“He appears to have taken his cue from a former Council Leader, now Tory chairman, who has also campaigned for more second hand old regurgitated London trains and it is time for the Islanders to ask why?”

Tuesday, 17th September, 2019 1:15am



Filed under: Isle of Wight News, Top story, Train, Travel

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10 Comments on "Light Rail Isle of Wight are not happy about yesterday’s Island Line announcement"

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Can’t please some people. We would appear to be getting a complete fleet of updated trains with new interiors plus an upgrade of the line and pier. If that’s what the DfT wants to do instead of closing the line then that seems ok to me. I was under the impression that many carriages are updated on the railways if they are still usable.


I’ve discovered a website that presents the IoW Light Railway alternative to this approach, take a look. Would love to see much more discussion on this before the 1978 tube trains arrive for testing.


Why? It’s way too late, the trains were ordered in August – social media accounts suggest that website was created just a few weeks back.

The short piece by Roger Berrisford is interesting. What is a light railway. is that the same as the Docklands Light Railway. Could this journal please print the perceived advantages of a light railway. Looking at the headlines about the incredible sulk it looks like we have another prime minister that can be blown over by a puff of wind. So the opportunity to evaluate what is… Read more »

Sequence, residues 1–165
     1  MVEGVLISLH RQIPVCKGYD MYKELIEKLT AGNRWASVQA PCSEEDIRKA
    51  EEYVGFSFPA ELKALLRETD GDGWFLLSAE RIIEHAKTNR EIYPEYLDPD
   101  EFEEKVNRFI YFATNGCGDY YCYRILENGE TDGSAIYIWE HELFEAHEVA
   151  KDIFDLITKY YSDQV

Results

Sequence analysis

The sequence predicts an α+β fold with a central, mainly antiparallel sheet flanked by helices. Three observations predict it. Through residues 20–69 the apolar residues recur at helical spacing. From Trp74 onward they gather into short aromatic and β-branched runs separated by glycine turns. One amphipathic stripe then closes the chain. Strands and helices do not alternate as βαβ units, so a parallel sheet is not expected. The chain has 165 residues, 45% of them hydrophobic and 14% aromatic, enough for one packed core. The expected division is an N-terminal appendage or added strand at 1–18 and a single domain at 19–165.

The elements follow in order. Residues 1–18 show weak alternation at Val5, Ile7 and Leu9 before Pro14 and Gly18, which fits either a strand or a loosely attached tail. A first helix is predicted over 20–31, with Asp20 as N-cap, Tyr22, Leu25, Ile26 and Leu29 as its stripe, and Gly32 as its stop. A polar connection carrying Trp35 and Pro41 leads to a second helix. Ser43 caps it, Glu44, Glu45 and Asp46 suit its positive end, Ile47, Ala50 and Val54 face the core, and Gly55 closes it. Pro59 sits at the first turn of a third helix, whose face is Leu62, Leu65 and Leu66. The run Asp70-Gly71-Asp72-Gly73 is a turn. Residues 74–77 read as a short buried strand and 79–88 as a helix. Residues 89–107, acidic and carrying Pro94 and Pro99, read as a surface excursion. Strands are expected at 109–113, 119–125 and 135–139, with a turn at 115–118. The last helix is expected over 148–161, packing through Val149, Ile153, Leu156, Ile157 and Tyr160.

To call the proposed trains 40 years old is really stretching the truth. Apart from the aluminium bodyshells (corrosion free and an obvious benefit with the salt spray at Ryde) and the bogies (which were replaced near the end of their life on the District Line and are more like 10 years old) the rest of the trains are new. LRIoW talks of their solution being greener,… Read more »

Thank you Colin I will read at my leisure this evening.


This is hardly a new idea and it’s been considered time and time again.

Island Line already benefits from it’s own set of (rather basic) standards as the rail regulator doesn’t consider it part of the ‘National Network’ – the traditional arguments in favour of Light Rail conversion don’t apply here.


Anyone see the Observer’s slant on this? Mr Berresford said he couldn’t find the announcment on the Dept. of Transports website. I’ve just looked and nor can I. Does he have a point?

Jenny Smart

Just as our historic Ex underground trains become a real tourist attraction, we’re getting rid of them. Typical visionary IW thinking.

Benny C
Absolutely right. We need both – upgraded reliable, cheap, fast and comfortable trains and track for locals when they’re needed to support the island community and old Skool heritage attractions for tourists in off peak periods. Absolutely achievable, unless you’re the unimaginative IOWC or more specifically Cllr Ian Ward, the trouser browsing slightly confused old chap who has failed us on many, many counts over an extended… Read more »